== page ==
Add a surreal twist to nature
Use the Liquify filter in Photoshop to transform a plain flower photo
The Liquify filter in Photoshop CC offers a vast array of uses, from subtly altering facial features to dramatically resculpting body shapes. It works by distorting the shape of the pixels in the image, expanding or squeezing their proportions in any direction to bring about the desired effect. But although it’s used in a serious way to create an illusion of perfection on a cover model or a fashion advert, it also has lots of scope as a surrealist’s tool for those who want to create a different spin on backyard floral shots. Here we’ll turn a humble daisy into a spikey-petaled, alien species…
Once I’d opened the daisy pic, I made a ‘belt and braces’ copy layer with Ctrl/Cmd+J. With the Quick Selection tool, I selected the flower head and petals, then placed these on a new layer – again with Ctrl/ Cmd+J. With this layer active, I opened Liquify… from the Filter menu, and used the Forward Warp tool with a medium-size brush to drag out and reshape the tips of the petals. Once this was done, and the petals had turned into thin tendrils, I clicked OK to apply and exit the Liquify command, so I could see how the new flower head looked in place on the stem. 1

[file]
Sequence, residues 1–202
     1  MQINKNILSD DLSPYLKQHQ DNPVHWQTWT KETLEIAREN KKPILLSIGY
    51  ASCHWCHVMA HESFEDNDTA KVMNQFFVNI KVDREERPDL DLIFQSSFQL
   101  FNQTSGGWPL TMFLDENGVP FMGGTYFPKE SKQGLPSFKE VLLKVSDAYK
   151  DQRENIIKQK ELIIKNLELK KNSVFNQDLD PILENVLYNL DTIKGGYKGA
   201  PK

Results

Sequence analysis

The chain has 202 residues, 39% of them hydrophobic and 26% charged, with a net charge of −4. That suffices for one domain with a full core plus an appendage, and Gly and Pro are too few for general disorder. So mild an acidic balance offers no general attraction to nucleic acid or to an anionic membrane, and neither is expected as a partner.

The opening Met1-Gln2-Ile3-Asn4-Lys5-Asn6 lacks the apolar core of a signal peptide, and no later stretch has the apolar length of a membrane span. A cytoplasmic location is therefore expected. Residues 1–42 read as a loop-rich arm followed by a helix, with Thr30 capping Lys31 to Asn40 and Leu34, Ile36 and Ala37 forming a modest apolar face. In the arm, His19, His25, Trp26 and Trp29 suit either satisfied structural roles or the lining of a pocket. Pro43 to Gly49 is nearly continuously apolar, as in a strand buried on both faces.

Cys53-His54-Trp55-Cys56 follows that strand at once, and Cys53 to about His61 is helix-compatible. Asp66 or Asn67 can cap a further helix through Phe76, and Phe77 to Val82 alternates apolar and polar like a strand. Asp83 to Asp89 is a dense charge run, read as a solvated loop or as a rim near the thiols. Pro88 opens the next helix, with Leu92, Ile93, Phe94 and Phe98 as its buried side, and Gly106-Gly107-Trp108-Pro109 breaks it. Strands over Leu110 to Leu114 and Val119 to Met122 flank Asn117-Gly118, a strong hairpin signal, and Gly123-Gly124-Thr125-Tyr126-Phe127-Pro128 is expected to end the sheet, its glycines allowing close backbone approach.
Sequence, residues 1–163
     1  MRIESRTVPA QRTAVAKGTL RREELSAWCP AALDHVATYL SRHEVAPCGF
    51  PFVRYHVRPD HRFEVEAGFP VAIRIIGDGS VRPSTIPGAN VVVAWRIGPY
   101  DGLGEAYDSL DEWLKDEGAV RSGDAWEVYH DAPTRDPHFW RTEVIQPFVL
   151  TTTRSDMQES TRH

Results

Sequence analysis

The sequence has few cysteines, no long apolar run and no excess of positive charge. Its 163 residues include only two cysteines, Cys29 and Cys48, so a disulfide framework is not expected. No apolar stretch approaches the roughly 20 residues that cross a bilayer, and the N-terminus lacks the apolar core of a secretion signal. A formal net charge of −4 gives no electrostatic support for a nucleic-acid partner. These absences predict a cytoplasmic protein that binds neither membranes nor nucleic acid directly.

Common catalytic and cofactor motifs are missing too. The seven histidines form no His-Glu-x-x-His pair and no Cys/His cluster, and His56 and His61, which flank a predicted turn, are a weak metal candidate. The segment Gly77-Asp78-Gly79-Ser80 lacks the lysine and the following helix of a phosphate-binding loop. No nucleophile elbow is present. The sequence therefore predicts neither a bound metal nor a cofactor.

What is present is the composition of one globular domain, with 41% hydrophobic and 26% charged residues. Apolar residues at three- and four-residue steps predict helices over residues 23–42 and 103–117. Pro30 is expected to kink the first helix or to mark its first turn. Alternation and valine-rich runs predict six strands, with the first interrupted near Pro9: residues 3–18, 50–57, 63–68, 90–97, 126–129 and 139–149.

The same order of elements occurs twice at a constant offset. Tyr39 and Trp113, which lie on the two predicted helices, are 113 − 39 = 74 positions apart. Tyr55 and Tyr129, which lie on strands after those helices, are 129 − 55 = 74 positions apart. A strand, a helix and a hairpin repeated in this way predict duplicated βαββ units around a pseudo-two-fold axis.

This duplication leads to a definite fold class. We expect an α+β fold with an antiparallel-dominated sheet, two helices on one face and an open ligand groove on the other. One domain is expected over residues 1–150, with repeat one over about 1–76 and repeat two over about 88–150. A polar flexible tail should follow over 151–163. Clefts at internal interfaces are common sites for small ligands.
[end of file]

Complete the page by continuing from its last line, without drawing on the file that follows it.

Some of the new tips of the petals required a little blur to look realistic, so I selected the Lasso tool and set the Feather Radius in the Options bar to 40px. (This saves time by automatically softening the edge of the selection.) I drew roughly around each petal tip, leaving plenty of room around it, then went to Filter > Blur > Gaussian Blur, applying the right amount for a natural looking effect.
To add texture to the in-focus petal tips, I locked the transparent pixels on the top layer to avoid anything spilling over the edge, and cloned some texture from the petals to the tips with the Clone Stamp tool.
I clicked the top layer and pressed Ctrl/Cmd+Alt +Shift+E to merge everything into a new layer. I then opened the Camera Raw Filter and darkened the edges using Post Crop Vignetting in the FX tab.